Place:Ayrshire, Scotland

TypeTraditional county
Coordinates55.43°N 4.54°W
Located inScotland     ( - 1975)
See alsoStrathclyde, Scotlandregional authority 1975-1996
East Ayrshire, Scotlandunitary authority replacing part of Strathclyde in 1996
North Ayrshire, Scotlandunitary authority replacing part of Strathclyde in 1996
South Ayrshire, Scotlandunitary authority replacing part of Strathclyde in 1996
Contained Places
Former community
Blair ( - 1975 )
Former district
Cunninghame ( - 1975 )
Pinwherry ( - 1975 )
Wallacetown (Dailly) ( - 1975 )
Historical district
Carrick ( - 1975 )
Kyle ( - 1975 )
Inhabited place
Alloway ( - 1975 )
Annbank ( - 1975 )
Ardrossan ( 1734 - 1975 )
Auchinleck ( 1693 - 1975 )
Barrhill ( - 1975 )
Beith ( 1659 - 1975 )
Colmonell ( 1759 - 1975 )
Connel Park
Dalry (village) ( - 1975 )
Fenwick ( 1644 - 1975 )
Galston ( 1670 - 1975 )
Girvan ( 1733 - 1975 )
Irvine (town)
Kilkerren ( - 1975 )
Kilmarnock (town)
Kilmaurs ( 1688 - 1975 )
Kilwinning (town)
Lugar ( - 1975 )
Prestwick ( - 1975 )
St. Quivox ( 1735 - 1951 )
Straiton ( - 1975 )
Symington ( - 1975 )
West Kilbride ( - 1975 )
Ardrossan ( 1734 - 1975 )
Auchinleck ( 1693 - 1975 )
Ayr ( 700 - 1975 )
Ballantrae ( 1731 - 1975 )
Barr ( 1689 - 1975 )
Beith ( 1659 - 1975 )
Colmonell ( 1759 - 1975 )
Coylton ( 1723 - 1975 )
Craigie ( 1679 - 1975 )
Dailly ( 1691 - 1975 )
Dalmellington ( 1641 - 1975 )
Dalry ( 1679 - 1975 )
Dalrymple ( 1699 - 1975 )
Dreghorn ( 1749 - 1975 )
Dundonald ( 1673 - 1975 )
Dunlop ( 1700 - 1975 )
Fenwick ( 1644 - 1975 )
Galston ( 1670 - 1975 )
Girvan ( 1733 - 1975 )
Irvine ( 1200 - 1975 )
Kilbirnie ( 1688 - 1975 )
Kilmarnock ( 1000 - 1975 )
Kilmaurs ( 1688 - 1975 )
Kilwinning ( 1669 - 1975 )
Kirkmichael ( - 1975 )
Kirkoswald ( 1694 - 1975 )
Monkton and Prestwick
New Cumnock
Newton-on-Ayr ( 1779 - 1975 )
Old Cumnock
St. Quivox ( 1735 - 1951 )
Straiton ( - 1975 )
Symington ( - 1975 )
West Kilbride ( - 1975 )
Hunterston ( - 1975 )
Fullarton ( - 1975 )
Wallacetown (Ayr) ( - 1975 )
source: Family History Library Catalog


the text in this section is partly based on an article in Wikipedia

Ayrshire is a registration county, and former administrative county in south-west Scotland, United Kingdom, located on the shores of the Firth of Clyde. Its principal towns include Ayr, Kilmarnock and Girvan. The population of Ayrshire in 2001 (the last census available) was approximately 366,800.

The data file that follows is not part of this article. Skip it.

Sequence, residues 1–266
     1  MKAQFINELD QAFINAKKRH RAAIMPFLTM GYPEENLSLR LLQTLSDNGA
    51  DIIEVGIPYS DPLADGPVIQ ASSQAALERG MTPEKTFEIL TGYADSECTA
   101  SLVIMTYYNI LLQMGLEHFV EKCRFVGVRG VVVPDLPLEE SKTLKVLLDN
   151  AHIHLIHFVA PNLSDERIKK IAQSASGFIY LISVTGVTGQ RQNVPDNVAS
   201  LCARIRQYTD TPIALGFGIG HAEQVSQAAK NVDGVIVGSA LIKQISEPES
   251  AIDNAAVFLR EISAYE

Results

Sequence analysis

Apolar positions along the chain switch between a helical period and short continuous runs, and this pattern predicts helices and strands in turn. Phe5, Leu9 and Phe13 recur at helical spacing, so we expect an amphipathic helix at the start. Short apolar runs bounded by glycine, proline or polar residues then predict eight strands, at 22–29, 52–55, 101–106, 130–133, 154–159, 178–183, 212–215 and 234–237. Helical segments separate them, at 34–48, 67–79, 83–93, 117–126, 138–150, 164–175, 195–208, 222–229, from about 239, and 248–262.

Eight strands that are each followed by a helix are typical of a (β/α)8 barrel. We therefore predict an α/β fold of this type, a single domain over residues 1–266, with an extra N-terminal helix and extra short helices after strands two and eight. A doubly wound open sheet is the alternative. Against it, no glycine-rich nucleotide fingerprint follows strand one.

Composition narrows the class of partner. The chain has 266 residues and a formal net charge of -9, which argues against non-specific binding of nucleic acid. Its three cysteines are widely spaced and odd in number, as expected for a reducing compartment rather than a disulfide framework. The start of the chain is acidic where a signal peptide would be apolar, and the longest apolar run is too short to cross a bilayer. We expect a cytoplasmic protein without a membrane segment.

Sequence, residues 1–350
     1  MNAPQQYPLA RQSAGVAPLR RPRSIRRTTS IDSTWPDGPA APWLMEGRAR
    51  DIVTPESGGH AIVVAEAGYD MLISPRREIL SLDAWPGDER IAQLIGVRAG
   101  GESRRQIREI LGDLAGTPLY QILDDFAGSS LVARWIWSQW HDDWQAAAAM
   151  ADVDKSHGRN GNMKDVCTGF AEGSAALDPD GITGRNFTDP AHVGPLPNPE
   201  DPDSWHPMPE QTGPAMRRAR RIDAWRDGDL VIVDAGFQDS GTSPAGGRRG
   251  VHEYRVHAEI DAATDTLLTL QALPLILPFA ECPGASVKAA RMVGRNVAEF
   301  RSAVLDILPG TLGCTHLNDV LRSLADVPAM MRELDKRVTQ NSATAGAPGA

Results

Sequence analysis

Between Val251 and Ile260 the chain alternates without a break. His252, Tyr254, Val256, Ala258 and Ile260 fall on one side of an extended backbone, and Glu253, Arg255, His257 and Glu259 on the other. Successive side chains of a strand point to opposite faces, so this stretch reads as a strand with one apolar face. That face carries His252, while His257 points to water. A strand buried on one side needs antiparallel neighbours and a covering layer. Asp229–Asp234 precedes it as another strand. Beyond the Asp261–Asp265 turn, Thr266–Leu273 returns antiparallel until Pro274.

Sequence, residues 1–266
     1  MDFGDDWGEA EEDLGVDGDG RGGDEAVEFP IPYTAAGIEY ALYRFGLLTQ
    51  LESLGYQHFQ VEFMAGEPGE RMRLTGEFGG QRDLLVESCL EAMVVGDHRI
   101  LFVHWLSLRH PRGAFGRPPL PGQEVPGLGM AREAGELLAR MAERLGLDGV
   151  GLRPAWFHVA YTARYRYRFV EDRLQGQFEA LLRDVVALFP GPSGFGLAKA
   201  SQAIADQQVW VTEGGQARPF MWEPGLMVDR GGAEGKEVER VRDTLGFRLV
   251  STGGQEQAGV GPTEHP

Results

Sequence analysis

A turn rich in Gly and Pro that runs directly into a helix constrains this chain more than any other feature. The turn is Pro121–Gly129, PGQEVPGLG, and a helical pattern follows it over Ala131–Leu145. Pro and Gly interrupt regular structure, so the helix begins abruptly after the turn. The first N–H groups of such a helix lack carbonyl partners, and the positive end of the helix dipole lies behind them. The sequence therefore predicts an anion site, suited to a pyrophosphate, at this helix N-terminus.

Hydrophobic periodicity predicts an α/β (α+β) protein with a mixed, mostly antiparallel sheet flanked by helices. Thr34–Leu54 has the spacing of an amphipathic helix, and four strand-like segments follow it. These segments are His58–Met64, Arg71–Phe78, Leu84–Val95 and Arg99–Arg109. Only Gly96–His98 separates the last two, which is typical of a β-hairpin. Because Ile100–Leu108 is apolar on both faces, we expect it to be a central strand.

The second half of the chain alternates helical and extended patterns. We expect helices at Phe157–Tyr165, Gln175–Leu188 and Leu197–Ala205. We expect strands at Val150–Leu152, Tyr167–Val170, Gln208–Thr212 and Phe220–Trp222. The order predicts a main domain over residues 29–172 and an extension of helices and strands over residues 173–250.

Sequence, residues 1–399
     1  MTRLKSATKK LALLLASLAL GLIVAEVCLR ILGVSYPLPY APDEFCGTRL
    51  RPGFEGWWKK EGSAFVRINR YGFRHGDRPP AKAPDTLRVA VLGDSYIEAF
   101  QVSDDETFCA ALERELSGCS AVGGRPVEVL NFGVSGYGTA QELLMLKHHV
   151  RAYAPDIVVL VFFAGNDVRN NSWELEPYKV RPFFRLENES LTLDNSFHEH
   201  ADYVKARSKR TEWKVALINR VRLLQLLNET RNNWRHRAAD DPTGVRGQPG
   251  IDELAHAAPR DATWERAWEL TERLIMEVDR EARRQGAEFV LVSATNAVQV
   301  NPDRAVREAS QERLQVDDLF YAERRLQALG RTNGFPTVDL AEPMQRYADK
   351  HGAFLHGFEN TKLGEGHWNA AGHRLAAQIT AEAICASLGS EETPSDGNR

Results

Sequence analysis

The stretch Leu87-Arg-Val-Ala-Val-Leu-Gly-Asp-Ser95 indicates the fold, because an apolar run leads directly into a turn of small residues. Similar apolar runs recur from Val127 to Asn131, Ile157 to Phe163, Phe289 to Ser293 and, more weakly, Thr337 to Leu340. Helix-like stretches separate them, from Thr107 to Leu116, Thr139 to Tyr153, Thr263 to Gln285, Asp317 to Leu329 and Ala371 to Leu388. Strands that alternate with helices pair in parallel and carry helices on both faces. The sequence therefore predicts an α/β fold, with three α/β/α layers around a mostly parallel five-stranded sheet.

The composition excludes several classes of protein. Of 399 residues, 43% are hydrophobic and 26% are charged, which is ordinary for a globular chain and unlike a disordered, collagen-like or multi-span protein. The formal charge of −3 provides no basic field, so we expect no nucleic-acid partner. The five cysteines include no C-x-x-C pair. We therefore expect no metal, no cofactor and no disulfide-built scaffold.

Ayrshire has many golf courses, two of which, Troon and Turnberry, have hosted the modern Scottish Open Championship many times attracting many visitors for the event. It was the members of Prestwick Golf Club who first created The Open Championship in 1860 with the club hosting the event twenty-four times up until 1925.

Prestwick is also known as an international airport because of its exceptional climate.

On the literary front, the town of Alloway is the birthplace of Robert Burns.


History and Current Governmental Organization

the text in this section is copied from an article in Wikipedia

The area that today forms Ayrshire was part of the area south of the Antonine Wall which was briefly occupied by the Romans during the reign of Emperor Antoninus Pius (see: Roman Britain#Occupation and retreat from southern Scotland). It was inhabited by the Damnonii, who are presumed to have been Britons. Later, it formed part of the British Kingdom of Strathclyde, which was incorporated into the Kingdom of Scotland during the 11th century. In 1263, the Scots successfully drove off the Norwegian leidang-army in a skirmish known as the Battle of Largs.

A notable historic building in Ayrshire is Turnberry Castle, which dates from the 13th century or earlier, and which may have been the birthplace of Robert the Bruce.

The historic shire or sheriffdom of Ayr was divided into three districts or bailieries which later made up the county of Ayrshire. The three districts were:

  • Carrick in the south. It was situated between the Doon and the wild district of Galloway in the adjoining Stewartries, an area that was little else than a vast tract of hills and mosses.
  • Kyle in the centre, which included the royal burgh of Ayr, occupied the central district between the River Irvine in the north, and the River Doon in the south and south-west, an area that is quite hilly inland. It was subdivided into "Kyle Stewart", (sometimes called "Stewart Kyle"[1] or "Walter's Kyle") and "King's Kyle," the former embracing the country between the Irvine and the River Ayr; and the latter, the triangular portion between the Ayr and the Doon, which is honoured as the birthplace and youthful home of Robert Burns.[1]